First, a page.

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Ill Wind Blowing
To be prepared, and not to panic, is the prescription. Till surer remedy is found for the new, lethal pneumonia that has 18 countries, 13 of them in our neighbourhood, in its vicious grip. Because till a cure is discovered for SARS or the Severe Acute Respiratory Syndrome—a highly infectious viral infection that has already claimed more than 75 lives and infected over 2,200 people worldwide—only preparedness can be the best armoury in a battle against a mystery virus that's triggered panic all over the world. So, is India, with her huge population and a creaky public health infrastructure, prepared to combat a deadly disease like SARS?
"There is no cause for alarm, we are entirely geared to deal with SARS," Union health minister Sushma Swaraj assured Outlook. "Mechanisms to check, monitor and keep track of probable carriers of the virus who might be coming in from affected countries are in place, so also is the preparedness to isolate and treat SARS patients if required." The ministry of home affairs, state governments, airport and seaport authorities, government hospitals across the country, Indian embassies the world over with orders to issue travel advisories while issuing visas, have joined forces with the health ministry to launch an "offensive" against the virus: "We've even ordered that SARS detection kits, recently made available in Frankfurt, be imported. All our arrangements have been on time, we are ready."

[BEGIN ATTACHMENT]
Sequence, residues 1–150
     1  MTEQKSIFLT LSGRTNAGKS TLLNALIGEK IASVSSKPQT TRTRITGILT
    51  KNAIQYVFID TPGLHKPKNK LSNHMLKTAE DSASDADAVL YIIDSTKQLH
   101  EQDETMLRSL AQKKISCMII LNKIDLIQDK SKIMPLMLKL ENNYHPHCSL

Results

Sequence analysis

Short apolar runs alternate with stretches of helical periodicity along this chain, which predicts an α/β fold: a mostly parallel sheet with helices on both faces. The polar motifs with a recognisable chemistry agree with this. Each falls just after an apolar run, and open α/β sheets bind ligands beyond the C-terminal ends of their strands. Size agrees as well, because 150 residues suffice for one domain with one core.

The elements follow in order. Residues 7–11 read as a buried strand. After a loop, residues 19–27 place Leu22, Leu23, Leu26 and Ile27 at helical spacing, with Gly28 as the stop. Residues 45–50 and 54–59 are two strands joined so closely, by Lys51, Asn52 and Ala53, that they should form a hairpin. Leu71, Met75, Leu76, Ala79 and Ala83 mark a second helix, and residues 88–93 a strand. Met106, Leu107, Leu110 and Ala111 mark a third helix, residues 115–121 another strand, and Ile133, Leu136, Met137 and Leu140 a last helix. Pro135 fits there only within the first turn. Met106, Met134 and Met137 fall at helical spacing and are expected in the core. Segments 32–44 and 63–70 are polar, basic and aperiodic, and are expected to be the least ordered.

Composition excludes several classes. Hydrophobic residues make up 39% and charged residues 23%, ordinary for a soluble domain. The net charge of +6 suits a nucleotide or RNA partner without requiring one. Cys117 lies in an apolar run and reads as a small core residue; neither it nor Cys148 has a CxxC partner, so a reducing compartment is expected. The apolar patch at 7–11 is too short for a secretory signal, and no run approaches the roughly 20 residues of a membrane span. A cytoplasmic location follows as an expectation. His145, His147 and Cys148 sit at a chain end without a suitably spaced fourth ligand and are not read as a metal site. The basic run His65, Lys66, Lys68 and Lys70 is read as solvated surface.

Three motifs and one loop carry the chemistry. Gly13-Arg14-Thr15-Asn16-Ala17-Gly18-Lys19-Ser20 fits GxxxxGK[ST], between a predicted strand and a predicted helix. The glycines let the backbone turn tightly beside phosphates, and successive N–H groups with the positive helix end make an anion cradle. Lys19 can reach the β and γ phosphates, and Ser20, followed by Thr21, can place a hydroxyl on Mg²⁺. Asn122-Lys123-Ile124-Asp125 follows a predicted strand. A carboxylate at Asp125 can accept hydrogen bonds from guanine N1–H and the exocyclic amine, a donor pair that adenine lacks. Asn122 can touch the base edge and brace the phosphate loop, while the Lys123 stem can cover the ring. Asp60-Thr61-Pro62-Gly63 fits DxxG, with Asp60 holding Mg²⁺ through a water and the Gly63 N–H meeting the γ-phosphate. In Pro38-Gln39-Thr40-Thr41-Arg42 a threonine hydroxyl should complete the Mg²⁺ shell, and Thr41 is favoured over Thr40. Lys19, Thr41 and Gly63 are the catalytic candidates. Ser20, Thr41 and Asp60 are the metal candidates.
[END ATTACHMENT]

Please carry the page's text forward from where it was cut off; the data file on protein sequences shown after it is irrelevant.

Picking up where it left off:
If only the health minister's confidence were as contagious as the disease. For despite all the emergency measures being strategised by the government on a "war footing", many doctors feel there are still many gaping chinks in our armour. "The most important ally in our battle against SARS is information," observes Alok Mukhopadhyay, chief executive of the Voluntary Health Association of India. "But the public at large, and even private medical practitioners, still remain less aware than they should be about this illness." Pointing out that even the most experienced doctors in India would find it extremely difficult to diagnose SARS in an early stage since it mimics cold and flu-like disorders, Dr C.M. Gulhati, editor of the monthly medical journal mims India, says, "Much better guidelines for diagnoses and treatment regimes should have been made available to the country's doctors."